Apply and Extend Previous Understandings of Arithmetic to Algebraic Expressions

1. Write and evaluate numerical expressions involving whole-number exponents.

2. Write, read, and evaluate expressions in which letters stand for numbers.

a. Write expressions that record operations with numbers and with letters standing for numbers. For example, express the calculation “Subtract y from 5” as 5 – y.

b. Identify parts of an expression using mathematical terms (sum, term, product, factor, quotient, coefficient); view one or more parts of an expression as a single entity. For example, describe the expression 2 (8 + 7) as a product of two factors; view (8 + 7) as both a single entity and a sum of two terms.

c. Evaluate expressions at specific values of their variables. Include expressions that arise from formulas used in real-world problems. Perform arithmetic operations, including those involving whole-number exponents, in the conventional order when there are no parentheses to specify a particular order (Order of Operations). For example, use the formulas V = s3 and A = 6 s2 to find the volume and surface area of a cube with sides of length s = 1/2.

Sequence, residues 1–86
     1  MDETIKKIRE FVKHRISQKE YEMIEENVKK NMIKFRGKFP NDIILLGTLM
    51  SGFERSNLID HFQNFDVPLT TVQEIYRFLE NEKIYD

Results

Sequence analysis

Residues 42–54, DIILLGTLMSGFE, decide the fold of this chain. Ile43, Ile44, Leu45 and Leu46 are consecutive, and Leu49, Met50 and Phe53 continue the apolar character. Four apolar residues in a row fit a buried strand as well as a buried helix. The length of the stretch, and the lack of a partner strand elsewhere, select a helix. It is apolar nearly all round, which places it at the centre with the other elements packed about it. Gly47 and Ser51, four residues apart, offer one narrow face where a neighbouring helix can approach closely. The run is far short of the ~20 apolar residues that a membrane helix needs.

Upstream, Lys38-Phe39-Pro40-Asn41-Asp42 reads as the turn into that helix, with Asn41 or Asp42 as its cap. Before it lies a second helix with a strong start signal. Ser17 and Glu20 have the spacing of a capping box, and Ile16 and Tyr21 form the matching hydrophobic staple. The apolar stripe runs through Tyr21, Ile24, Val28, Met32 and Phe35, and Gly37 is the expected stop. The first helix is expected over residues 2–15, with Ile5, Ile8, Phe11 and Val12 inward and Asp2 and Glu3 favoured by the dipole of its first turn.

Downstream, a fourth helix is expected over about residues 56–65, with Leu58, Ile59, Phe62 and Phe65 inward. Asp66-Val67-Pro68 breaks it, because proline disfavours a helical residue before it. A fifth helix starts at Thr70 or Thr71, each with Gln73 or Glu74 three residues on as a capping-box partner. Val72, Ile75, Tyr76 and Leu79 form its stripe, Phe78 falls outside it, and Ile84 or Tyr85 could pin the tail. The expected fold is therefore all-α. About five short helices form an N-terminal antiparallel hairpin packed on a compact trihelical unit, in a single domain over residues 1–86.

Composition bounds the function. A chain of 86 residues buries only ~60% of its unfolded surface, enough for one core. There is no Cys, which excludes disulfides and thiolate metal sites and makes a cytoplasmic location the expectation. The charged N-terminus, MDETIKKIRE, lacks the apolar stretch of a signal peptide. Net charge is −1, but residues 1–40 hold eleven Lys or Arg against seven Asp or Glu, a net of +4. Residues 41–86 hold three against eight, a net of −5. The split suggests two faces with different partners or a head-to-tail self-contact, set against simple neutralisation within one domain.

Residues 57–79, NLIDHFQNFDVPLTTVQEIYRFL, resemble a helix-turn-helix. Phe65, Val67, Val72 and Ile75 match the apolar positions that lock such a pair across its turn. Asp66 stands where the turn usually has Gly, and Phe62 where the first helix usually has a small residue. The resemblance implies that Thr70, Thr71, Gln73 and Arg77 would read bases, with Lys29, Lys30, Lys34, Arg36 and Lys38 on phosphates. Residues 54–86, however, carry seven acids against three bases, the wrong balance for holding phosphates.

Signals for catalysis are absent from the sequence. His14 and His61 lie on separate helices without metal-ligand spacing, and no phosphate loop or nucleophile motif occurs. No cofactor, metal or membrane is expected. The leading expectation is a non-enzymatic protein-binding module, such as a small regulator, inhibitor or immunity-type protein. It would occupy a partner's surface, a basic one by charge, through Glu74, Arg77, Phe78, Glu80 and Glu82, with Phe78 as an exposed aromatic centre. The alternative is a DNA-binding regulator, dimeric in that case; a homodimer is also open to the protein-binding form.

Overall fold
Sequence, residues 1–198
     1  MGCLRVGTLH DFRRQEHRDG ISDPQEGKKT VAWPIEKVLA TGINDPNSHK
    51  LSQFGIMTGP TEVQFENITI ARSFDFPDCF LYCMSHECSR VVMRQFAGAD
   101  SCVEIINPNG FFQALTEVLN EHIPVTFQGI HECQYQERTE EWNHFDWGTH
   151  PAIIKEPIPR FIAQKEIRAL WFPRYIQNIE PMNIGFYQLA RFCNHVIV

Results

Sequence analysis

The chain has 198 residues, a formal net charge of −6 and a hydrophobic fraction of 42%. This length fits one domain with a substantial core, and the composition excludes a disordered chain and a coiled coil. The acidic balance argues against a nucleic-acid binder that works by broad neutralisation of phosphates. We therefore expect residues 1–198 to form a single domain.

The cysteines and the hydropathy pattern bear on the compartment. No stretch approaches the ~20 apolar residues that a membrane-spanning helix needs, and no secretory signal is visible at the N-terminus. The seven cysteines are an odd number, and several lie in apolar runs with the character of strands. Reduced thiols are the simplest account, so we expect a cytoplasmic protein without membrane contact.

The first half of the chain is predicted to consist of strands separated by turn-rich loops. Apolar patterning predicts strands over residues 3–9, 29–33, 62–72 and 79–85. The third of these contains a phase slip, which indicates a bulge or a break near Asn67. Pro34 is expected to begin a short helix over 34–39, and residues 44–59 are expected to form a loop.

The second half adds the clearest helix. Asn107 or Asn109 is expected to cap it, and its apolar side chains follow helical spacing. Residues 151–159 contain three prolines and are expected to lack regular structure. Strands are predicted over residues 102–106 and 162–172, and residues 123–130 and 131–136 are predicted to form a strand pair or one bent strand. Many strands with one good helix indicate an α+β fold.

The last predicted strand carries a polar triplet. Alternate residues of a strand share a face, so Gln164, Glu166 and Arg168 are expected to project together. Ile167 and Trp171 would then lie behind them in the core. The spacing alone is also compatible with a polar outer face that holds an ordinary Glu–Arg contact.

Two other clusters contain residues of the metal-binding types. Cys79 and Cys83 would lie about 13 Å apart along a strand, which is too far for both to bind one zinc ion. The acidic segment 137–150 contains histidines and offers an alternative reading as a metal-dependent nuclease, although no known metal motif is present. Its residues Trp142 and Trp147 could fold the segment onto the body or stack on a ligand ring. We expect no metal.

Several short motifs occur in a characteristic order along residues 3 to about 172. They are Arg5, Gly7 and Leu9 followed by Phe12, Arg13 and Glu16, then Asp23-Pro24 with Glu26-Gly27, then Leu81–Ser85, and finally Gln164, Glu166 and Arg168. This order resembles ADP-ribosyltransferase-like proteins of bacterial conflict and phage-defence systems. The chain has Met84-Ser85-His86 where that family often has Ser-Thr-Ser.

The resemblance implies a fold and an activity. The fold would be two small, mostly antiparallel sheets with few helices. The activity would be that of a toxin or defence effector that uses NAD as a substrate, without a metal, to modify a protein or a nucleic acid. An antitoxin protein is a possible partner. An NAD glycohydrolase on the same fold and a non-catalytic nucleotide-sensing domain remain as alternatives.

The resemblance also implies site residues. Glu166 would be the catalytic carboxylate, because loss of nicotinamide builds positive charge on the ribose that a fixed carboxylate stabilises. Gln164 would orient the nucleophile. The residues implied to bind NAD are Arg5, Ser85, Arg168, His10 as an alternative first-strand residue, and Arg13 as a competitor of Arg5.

3. Apply the properties of operations to generate equivalent expressions. For example, apply the distributive property to the expression 3 (2 + x) to produce the equivalent expression 6 + 3x; apply the distributive property to the expression 24x + 18y to produce the equivalent expression 6 (4x + 3y); apply properties of operations to y + y + y to produce the equivalent expression 3y.

4. Identify when two expressions are equivalent (i.e., when the two expressions name the same number regardless of which value is substituted into them).For example, the expressions y + y + y and 3y are equivalent because they name the same number regardless of which number y stands for.